NHS Logistics is saving taxpayers' money through such investment in its technology.

Staff and organisations receive such awards with great pride, and those awards are not achieved by accident. A point that my hon. Friends have not made is that NHS Logistics has taken off in recent years because of good management and the dedication of staff. With that comes good industrial relations with the main union, Unison. NHS Logistics invests in its staff and has a good training programme. The Maidstone site is next to my constituency and has 300 employees, and when I have visited it I have seen that management and staff work very well together. It is what the Labour Government want—a modern partnership in the workplace that invests in staff and improves productivity through investment in training. Many of the staff who work in the sector benefit from an increase in their basic skills and customer care skills. The results are there for all to see. The 98 per cent. achievement of delivery times is no accident and nor is the acknowledgement of NHS Logistics as the "best of the best", nor the fact that more money is being put back into the NHS.

NHS Logistics talks about paying detailed attention to customer care, and says:

My hon. Friend the Member for Amber Valley referred to the comparison between the private sector site at Bridgewater and the other four sites elsewhere in the country, including the one at Maidstone. A recent customer survey showed that Bridgewater was the poorest performer. The Cabinet Office report recommended that
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the number of sites should be reduced from six to five and that one should be run privately so that comparisons could be made. Everyone should be able to understand the intention and then determine whether the private sector is delivering a better operation.

Judy Mallaber : Is my hon. Friend aware that Exel, which runs the Bridgwater site, and TNT, which he said was beaten by NHS Logistics for an award, are among the last three bidding consortiums? We know about TNT only because—perhaps inadvertently—it told its staff. Does he share my concern that Ministers and those who advise them should not start off with a dogmatic assumption that the private sector can do better, and that they should not fall into the trap that the Conservative party fell into of automatically assuming that NHS Logistics should be privatised? The Conservatives stated that position before the election. We want to avoid dogma, to keep an open mind and to analyse the options correctly.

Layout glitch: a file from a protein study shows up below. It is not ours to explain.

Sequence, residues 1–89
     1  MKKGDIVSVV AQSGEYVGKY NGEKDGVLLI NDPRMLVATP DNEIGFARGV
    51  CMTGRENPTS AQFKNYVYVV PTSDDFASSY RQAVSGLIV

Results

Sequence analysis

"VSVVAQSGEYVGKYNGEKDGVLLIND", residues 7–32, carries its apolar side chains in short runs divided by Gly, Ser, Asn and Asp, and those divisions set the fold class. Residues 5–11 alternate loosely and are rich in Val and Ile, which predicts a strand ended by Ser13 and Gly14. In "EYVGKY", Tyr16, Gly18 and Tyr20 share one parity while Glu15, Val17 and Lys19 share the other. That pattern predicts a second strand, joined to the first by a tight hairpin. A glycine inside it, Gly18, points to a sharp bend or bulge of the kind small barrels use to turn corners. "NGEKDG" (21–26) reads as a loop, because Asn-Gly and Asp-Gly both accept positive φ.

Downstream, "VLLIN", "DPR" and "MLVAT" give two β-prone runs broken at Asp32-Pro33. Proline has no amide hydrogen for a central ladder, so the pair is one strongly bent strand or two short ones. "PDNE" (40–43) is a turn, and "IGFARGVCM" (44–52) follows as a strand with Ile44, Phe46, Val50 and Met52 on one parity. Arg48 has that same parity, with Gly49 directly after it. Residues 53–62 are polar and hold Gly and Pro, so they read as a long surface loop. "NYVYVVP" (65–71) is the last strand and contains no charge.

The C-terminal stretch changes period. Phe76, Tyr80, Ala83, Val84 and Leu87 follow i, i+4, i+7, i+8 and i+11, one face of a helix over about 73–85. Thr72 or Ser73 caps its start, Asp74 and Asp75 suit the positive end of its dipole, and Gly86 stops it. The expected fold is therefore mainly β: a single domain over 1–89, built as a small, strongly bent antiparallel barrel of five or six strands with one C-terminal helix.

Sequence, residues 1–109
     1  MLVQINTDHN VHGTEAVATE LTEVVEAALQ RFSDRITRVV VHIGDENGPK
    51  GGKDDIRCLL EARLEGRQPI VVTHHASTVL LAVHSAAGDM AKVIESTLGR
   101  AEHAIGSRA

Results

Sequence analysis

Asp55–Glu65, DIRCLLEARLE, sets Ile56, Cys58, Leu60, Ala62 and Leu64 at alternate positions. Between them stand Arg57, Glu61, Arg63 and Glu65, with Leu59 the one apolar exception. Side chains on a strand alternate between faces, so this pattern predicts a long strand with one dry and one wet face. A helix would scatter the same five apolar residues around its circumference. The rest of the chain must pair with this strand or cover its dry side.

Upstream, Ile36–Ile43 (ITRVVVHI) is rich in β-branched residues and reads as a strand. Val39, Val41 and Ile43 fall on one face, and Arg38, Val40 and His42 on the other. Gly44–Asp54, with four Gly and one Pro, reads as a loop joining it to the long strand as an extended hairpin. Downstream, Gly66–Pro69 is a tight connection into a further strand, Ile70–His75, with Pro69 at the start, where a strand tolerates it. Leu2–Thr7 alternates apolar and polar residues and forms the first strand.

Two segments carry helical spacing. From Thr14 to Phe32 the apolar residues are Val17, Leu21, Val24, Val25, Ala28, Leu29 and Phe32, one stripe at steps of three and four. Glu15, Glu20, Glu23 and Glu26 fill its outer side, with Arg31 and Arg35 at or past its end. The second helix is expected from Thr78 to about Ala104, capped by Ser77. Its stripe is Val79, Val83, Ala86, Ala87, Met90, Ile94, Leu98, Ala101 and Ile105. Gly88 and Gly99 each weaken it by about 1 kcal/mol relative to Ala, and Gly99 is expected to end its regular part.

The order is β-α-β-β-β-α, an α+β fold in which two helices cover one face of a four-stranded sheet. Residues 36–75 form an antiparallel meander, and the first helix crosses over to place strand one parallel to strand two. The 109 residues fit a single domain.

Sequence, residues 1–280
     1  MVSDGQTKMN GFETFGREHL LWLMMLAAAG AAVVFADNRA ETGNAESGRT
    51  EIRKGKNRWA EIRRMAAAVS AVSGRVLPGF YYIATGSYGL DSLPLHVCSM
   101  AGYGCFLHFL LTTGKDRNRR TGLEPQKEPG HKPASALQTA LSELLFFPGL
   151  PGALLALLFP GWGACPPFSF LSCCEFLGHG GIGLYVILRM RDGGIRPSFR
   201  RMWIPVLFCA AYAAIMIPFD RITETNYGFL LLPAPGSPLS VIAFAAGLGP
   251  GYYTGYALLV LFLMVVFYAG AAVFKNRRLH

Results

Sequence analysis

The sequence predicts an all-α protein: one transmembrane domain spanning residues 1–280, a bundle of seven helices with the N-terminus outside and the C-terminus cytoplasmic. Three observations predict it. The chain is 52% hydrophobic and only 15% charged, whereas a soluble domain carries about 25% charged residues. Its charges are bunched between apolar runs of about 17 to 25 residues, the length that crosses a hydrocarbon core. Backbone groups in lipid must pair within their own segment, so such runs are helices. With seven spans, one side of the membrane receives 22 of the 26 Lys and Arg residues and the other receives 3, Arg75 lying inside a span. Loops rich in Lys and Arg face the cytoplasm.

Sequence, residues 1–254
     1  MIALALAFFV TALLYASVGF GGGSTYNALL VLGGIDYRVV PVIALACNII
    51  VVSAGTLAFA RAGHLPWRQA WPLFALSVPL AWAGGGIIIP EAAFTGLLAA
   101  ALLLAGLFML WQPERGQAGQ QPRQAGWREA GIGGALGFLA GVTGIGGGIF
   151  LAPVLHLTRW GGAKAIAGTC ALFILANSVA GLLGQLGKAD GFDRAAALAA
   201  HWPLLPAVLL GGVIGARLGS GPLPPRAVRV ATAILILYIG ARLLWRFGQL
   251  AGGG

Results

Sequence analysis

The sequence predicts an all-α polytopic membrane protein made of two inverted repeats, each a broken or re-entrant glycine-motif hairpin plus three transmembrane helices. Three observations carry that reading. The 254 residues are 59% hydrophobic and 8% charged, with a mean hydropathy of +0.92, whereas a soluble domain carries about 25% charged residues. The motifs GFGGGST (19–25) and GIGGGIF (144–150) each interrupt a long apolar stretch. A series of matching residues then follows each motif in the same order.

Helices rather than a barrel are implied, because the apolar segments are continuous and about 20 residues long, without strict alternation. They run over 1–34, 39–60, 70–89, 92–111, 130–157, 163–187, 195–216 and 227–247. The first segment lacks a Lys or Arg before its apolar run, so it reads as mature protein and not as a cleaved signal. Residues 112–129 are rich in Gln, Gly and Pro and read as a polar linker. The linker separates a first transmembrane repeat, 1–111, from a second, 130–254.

Jonathan Shaw : My hon. Friend is correct. A worrying feature of the process has been the lack of information about how judgments will be made on whether it is appropriate to privatise NHS Logistics. Leaks are not the way to get information, as they might not be accurate and staff work against a backdrop of concern that undermines confidence.

On comparisons and not being dogmatic, if TNT, Exel or any of the other private sector bidders were the best of the best, the documents that they submit to the Department would refer to such coveted awards. I wonder whether they will mention the fact that they did not even get on the shortlist. I think not.

I conclude my remarks by endorsing those of my hon. Friends. We should not take a dogmatic approach. If we are to be able to speak to constituents who are valued members of the NHS work force—the best of the best across the board—we need to understand how the Government will decide whether it is right to stay with the existing operation, with all its achievements, or to take another route. We look forward to the Minister's response.

10.23 am

Steve Webb (Northavon) (LD): I congratulate the hon. Member for Amber Valley (Judy Mallaber) on securing this debate. She and the hon. Members for Weaver Vale (Mr. Hall) and for Chatham and Aylesford (Jonathan Shaw) spoke convincingly of the work done by their constituents who are employed by NHS Logistics. We heard about their excellent performance and the awards that they have won. I do not believe that anyone who heard those three hon. Members speak need have any doubt that NHS Logistics is a highly effective and, as far as one can tell, highly efficient organisation.

I have a great deal of sympathy with the general thrust of what the hon. Member for Amber Valley said about the need for a proper and transparent market-testing process. No one who has spoken would object to the principle of assessing whether what is done at present by NHS Logistics could be done better another way, although I believe that they are all confident about what the answer would be.
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In trying to reassure us that the market-testing exercises are properly, not dogmatically, done, could the Minister give us an example of a market-testing exercise undertaken by her Department that did not find that the private sector would be more efficient than the public sector? If she could demonstrate that sometimes the answer is to keep activities in house, that would reassure us that the process is open, and not one that inevitably leads to a private sector solution.